As part of a workshop discussion someone posed the following example to our group of test professionals and asked how we would solve the following problems. I am paraphrasing.
- How do we insure data quality and integrity at the application programming interface (API) level in the new data warehouse? Note that the solution below is a web-service-based query API against a centralized data warehouse. This is replacing some queries that were going against the source systems more directly.
- How do we improve the reliability of the test automation against this solution? The current test automation was a suite of web API tests against a feed of production data.
- How do we adapt to the large amount of ETL scripts that digest data from a broad range of source systems? The scripts were designed based upon reporting and query requirements. Many of the source data systems were legacy solutions such as mainframes that could not be modified. The quality assurance (QA) team was not part of the design process.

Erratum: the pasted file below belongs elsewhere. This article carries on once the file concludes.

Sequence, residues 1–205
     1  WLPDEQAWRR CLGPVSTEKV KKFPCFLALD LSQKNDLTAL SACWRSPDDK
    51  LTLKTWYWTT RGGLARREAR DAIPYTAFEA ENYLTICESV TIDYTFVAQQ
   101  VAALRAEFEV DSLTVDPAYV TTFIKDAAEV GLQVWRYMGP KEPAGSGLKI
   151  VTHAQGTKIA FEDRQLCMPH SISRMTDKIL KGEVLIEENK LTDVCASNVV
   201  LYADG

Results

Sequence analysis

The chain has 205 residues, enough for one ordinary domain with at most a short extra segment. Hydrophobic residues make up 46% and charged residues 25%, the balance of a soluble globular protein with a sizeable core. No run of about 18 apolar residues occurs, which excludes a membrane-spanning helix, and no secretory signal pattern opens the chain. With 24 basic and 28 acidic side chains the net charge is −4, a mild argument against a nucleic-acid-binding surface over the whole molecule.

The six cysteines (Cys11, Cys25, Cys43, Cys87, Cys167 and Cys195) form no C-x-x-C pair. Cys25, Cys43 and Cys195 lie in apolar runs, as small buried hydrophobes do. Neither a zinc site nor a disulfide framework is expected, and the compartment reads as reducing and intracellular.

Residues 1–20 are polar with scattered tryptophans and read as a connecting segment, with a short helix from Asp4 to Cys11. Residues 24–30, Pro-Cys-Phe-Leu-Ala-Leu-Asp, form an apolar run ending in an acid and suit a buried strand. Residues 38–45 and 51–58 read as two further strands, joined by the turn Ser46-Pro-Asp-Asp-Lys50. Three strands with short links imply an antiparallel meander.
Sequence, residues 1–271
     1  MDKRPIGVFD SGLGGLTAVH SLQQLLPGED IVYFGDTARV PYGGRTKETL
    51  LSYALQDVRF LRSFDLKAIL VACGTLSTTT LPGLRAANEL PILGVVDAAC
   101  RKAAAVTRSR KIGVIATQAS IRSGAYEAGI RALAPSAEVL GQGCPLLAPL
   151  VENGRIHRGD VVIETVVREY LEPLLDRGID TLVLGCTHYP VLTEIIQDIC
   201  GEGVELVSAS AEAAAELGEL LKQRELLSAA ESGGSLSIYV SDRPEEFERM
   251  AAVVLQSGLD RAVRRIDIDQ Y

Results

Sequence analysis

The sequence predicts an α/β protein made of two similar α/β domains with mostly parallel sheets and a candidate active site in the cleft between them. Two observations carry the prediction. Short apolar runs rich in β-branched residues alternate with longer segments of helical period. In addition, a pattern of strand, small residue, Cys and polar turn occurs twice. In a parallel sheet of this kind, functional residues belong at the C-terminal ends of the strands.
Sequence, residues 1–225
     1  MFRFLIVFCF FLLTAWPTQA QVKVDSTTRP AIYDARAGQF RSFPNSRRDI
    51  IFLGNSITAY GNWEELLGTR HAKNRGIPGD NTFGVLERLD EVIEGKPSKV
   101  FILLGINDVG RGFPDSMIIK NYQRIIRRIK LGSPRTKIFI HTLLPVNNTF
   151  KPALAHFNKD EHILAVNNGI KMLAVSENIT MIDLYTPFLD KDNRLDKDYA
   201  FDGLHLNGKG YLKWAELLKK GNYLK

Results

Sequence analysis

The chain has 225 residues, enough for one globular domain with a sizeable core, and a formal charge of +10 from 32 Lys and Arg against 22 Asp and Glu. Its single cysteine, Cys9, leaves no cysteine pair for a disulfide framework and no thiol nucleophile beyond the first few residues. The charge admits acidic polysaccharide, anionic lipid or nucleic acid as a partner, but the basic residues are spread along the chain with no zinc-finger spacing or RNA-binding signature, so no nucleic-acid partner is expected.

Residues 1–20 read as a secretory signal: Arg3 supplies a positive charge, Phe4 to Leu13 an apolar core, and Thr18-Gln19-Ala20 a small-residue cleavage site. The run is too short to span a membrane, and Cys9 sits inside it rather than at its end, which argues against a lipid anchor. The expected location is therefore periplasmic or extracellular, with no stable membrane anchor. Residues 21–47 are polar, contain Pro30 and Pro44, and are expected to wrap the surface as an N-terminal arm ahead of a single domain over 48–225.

- How do we adapt to the high rate of change in many of the data types? The system was expanding organically as the business needs were coming more directly from the end users in an agile-like process.